Floods During a Drought. Only in Britain…

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The British are infamous for the amount of time we spend talking about the weather, but if the last month hasn't given us a valid reason to then we don't know what would. It was only a matter of weeks ago that we were bringing you news that parts of Britain were officially in drought, but since then the country has been hit by severe storms and flooding. Whilst all the time remaining ‘in drought'.

The country was officially thrown in to drought on the 5th April, after the driest 18 months since records began. With March temperatures soaring over 20oc, hosepipes were banned as experts predicted the worst drought in the UK for 30 years. However, ever since the drought was announced, Britain has been hit with a pretty much constant downpour of rain.

The Wettest April on Record

As April ended yesterday, vast swathes of the country have been left battered by the weather. Overall, the UK experienced the wettest April since records began in 1910, with some areas receiving a month's worth of rain in a particularly bad 72 hours. There are still 36 flood warnings in place, as well as 150 less serious flood alerts, and the wet weather is expected to continue well into May.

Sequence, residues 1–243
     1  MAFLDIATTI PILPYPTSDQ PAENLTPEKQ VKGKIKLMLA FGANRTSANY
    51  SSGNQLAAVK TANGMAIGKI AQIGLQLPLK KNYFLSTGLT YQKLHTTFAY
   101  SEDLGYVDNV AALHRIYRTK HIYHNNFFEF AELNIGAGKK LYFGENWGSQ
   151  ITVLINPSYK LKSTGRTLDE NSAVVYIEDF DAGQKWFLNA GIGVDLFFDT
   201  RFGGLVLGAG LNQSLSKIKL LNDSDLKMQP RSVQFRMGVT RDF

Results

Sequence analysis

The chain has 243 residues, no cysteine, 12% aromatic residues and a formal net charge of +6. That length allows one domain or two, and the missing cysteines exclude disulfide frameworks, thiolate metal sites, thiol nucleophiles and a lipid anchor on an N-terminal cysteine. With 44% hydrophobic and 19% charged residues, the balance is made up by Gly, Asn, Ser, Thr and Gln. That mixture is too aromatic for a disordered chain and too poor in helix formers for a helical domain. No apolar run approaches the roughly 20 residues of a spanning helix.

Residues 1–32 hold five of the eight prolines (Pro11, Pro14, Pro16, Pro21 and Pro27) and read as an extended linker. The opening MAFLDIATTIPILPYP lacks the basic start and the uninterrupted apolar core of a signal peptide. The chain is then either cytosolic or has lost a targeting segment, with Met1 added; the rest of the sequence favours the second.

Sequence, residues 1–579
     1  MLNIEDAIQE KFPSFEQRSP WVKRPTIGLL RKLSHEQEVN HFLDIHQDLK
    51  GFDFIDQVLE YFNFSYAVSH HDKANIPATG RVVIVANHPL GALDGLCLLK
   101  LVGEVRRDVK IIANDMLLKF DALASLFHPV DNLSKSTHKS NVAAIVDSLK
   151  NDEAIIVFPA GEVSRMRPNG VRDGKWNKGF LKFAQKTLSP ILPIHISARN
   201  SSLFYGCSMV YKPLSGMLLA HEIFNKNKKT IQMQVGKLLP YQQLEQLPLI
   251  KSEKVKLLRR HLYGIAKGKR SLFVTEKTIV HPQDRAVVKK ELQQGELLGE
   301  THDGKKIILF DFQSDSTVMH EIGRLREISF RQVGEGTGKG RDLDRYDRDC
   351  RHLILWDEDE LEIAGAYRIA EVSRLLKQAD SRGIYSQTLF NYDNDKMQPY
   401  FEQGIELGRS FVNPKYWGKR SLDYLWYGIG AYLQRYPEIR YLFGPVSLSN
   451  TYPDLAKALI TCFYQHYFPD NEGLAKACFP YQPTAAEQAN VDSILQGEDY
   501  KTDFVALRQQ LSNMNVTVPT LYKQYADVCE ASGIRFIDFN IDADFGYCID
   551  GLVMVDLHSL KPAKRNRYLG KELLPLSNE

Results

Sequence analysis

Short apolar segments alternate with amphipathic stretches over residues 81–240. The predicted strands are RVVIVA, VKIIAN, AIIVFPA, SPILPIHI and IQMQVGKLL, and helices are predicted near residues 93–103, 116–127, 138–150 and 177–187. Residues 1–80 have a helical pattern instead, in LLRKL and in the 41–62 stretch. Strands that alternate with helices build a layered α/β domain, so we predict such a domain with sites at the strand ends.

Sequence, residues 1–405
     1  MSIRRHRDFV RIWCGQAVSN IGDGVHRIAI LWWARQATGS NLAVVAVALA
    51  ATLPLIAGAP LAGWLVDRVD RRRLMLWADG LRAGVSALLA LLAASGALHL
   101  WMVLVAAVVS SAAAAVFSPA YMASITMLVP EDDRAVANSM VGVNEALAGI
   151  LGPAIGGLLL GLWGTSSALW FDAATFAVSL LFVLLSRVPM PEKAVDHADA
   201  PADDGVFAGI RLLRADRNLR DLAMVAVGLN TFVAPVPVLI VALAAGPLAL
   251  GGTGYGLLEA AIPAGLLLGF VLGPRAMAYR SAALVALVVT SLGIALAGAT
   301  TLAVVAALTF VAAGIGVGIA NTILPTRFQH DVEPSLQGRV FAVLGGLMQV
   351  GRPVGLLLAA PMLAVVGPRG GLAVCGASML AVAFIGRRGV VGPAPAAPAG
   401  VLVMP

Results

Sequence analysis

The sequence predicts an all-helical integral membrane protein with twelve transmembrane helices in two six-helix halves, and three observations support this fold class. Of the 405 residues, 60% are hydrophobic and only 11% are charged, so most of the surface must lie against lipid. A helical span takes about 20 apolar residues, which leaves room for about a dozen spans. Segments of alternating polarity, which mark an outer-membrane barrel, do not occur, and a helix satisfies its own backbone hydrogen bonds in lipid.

Equally, the rain has been matched by winds of up to 70mph. Earlier in April, tornadoes tore through Warwickshire and Essex, damaging buildings, uprooting trees and even killing chickens.

However, despite all this, officially the drought conditions remain. People have been left in the odd position of trying to defend their houses from flooding whilst at the same time being told to try and save water.

Why Still in Drought?

Despite record rainfall, experts are saying it has had little long-term affect on water storage levels. A spokesman from the government department in charge- Defra, explained:

"Following two dry winters and record low levels of rainfall, water reserves are still under pressure in many parts of the UK. While we welcome the rain we have received recently, we cannot be complacent and still need everyone to save water where they can."

Whilst that is easy for a spokesman to say from his office, it will likely ring a little hollow for those fighting off torrents of water at this very moment.

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